Report Daily cannabis use lowers odds of using illicit opioids among people who have chronic pain

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  1. tom_mai78101

    tom_mai78101 The Helper Connoisseur / Ex-MineCraft Host Staff Member

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    For those using illicit opioids to manage their chronic pain, cannabis may be a beneficial – and a less dangerous – alternative, according to new research from the BC Centre on Substance Use (BCCSU).

    Researchers from the BCCSU and University of British Columbia (UBC) interviewed more than 1,100 people at highest risk of opioid overdose in Vancouver between 2014 and 2017 who reported substance use and major or chronic pain. They found that daily cannabis use was associated with significantly lower odds of daily illicit opioid use, suggesting people are replacing opioids with cannabis to manage their pain.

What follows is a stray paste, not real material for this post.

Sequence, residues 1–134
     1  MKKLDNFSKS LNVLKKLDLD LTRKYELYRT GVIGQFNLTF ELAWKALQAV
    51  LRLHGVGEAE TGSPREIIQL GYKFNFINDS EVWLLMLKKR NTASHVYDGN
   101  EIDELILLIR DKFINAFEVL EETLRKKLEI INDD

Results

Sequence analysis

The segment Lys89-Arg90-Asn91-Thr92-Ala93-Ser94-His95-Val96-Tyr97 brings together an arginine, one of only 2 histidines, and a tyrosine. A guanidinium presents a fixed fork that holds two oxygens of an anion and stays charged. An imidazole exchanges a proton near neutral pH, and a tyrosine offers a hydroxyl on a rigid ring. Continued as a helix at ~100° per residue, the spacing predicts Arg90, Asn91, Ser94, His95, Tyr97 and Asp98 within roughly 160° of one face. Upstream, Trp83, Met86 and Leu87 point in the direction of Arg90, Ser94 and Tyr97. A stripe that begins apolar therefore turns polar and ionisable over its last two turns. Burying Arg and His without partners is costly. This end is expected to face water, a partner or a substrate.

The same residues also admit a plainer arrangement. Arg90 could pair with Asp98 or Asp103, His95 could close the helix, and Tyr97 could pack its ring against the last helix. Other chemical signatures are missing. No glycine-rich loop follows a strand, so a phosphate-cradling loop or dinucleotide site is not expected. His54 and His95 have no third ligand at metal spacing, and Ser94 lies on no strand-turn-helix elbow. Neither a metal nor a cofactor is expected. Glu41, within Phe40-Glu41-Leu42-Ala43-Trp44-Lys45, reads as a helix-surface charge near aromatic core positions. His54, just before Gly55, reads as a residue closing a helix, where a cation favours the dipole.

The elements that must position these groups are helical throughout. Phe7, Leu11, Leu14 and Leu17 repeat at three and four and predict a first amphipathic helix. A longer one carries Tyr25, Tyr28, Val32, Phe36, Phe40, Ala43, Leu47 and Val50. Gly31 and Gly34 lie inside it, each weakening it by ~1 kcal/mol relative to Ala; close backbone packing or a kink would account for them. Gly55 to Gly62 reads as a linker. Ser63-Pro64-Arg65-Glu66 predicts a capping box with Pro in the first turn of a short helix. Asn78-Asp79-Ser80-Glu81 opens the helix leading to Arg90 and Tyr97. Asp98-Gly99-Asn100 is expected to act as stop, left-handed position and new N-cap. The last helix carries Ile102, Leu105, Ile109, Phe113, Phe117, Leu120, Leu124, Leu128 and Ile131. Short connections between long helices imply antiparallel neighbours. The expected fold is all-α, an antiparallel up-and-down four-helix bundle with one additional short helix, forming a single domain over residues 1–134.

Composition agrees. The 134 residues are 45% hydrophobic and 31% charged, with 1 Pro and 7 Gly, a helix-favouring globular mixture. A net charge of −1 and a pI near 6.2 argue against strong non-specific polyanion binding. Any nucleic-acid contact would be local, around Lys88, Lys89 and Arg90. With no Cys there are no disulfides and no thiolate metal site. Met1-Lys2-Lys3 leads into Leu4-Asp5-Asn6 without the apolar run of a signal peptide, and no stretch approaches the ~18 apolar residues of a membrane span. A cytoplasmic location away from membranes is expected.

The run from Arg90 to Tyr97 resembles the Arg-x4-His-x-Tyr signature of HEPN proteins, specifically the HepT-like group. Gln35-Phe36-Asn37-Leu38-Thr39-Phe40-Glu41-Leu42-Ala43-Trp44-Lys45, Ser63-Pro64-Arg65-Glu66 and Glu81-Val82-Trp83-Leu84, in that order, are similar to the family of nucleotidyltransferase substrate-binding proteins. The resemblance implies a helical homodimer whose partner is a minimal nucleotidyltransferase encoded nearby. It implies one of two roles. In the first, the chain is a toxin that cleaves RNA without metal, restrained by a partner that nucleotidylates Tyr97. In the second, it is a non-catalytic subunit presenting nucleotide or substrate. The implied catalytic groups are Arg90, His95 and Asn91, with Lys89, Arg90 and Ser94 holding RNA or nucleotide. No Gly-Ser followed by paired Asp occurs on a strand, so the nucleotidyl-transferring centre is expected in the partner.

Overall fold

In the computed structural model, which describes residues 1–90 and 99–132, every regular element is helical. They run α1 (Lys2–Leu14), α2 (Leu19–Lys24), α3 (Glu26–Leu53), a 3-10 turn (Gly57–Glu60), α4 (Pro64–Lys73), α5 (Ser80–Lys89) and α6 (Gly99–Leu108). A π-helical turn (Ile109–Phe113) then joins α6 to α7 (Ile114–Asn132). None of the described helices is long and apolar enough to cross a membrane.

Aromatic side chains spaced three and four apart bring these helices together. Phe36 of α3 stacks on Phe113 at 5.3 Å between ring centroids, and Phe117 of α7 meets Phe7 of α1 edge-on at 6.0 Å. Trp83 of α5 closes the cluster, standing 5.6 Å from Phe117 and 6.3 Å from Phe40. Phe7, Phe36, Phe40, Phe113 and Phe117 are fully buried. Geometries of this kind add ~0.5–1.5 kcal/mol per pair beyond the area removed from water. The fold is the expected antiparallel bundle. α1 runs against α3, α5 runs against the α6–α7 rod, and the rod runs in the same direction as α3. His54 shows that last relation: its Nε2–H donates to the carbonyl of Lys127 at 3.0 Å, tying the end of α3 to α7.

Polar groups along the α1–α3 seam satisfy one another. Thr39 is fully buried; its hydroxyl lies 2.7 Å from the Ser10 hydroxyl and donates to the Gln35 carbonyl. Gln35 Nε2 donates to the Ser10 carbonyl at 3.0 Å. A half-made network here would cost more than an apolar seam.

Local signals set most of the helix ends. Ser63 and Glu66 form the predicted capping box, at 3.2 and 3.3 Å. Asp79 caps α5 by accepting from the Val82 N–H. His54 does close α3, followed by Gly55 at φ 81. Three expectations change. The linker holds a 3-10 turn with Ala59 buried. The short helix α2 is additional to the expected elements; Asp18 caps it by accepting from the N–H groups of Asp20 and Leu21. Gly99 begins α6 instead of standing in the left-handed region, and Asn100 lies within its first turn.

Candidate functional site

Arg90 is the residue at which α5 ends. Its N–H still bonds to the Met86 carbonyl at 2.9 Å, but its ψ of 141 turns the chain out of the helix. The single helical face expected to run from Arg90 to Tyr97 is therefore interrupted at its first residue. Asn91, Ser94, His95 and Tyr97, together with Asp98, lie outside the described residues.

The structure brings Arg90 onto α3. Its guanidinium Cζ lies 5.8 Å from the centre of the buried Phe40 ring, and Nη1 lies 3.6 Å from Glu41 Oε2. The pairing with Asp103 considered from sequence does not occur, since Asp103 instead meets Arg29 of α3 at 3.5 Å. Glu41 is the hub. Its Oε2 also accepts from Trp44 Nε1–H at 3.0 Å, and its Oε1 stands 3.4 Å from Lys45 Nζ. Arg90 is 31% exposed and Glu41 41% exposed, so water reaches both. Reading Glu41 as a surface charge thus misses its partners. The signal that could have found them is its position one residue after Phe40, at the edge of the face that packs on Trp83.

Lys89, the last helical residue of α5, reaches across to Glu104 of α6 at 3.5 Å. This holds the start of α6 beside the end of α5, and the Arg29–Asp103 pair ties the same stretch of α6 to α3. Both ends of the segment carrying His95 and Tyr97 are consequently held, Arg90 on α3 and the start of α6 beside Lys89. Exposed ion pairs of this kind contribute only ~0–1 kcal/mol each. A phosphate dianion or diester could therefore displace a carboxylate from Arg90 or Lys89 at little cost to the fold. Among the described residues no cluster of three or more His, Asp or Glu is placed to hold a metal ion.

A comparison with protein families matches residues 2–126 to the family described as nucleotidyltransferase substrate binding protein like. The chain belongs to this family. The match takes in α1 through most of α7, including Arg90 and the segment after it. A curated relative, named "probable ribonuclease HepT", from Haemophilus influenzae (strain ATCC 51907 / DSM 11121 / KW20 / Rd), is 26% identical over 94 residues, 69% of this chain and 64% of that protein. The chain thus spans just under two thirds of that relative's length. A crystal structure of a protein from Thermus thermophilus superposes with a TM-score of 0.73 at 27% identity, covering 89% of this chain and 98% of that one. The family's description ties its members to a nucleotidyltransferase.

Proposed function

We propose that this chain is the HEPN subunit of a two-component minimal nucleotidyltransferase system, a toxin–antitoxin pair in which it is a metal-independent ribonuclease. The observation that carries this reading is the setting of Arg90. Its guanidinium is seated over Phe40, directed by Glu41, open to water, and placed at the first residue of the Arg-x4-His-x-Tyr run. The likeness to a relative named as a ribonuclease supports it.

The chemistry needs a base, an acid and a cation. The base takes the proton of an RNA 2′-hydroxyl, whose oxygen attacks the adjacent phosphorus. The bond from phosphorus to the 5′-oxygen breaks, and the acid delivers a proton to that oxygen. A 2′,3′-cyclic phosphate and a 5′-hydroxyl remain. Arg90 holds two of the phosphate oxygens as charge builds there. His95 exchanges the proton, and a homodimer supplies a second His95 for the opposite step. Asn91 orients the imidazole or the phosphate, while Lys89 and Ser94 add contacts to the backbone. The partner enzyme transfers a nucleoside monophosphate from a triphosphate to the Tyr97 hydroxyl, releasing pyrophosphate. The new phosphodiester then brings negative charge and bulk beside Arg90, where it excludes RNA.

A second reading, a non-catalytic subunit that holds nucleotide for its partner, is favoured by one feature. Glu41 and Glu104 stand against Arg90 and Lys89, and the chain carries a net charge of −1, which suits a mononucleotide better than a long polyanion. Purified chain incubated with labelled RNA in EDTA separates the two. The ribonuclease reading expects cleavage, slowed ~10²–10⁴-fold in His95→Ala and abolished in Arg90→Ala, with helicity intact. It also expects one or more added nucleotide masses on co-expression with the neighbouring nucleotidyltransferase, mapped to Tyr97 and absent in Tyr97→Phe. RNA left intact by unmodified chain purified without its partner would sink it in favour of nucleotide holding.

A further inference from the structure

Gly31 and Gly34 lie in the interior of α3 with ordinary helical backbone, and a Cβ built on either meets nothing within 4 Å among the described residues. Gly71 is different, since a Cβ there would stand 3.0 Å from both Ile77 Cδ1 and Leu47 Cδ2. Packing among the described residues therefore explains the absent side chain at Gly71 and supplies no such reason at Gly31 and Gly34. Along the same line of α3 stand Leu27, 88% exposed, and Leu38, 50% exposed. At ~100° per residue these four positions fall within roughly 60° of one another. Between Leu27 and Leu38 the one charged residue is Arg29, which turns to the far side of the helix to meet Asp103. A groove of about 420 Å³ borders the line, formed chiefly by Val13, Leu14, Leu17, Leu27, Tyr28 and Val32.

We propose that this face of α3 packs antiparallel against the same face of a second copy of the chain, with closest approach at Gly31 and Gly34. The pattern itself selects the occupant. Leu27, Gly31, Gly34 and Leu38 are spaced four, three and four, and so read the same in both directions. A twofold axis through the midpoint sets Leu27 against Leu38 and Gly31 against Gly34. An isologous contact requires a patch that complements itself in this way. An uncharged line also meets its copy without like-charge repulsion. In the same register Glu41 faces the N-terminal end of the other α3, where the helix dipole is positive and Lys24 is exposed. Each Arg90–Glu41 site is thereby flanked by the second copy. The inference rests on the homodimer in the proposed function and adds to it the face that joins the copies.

The study was published today in a special issue of PLOS Medicine on substance dependence.

    “These findings, in combination with past research, again demonstrate that people are using cannabis to help manage many different conditions, including pain. And in some cases, they’re using cannabis in place of opioids,” says senior author Dr. M-J Milloy, a research scientist at BCCSU and the Canopy Growth professor of cannabis science at UBC. “In the midst of an ongoing public health emergency caused by opioid overdose deaths, the results suggest that increasing access to cannabis for therapeutic purposes could help curb overdose risk associated with illicit opioid use.”

    Results from a statistical model showed that people who used cannabis every day had nearly 50 per cent lower odds of using illicit opioids every day compared to cannabis non-users, whereas people who reported occasional use of cannabis were neither more nor less likely than non-users to use illicit opioids on a daily basis.

    Read more here. (University of British Columbia)
     

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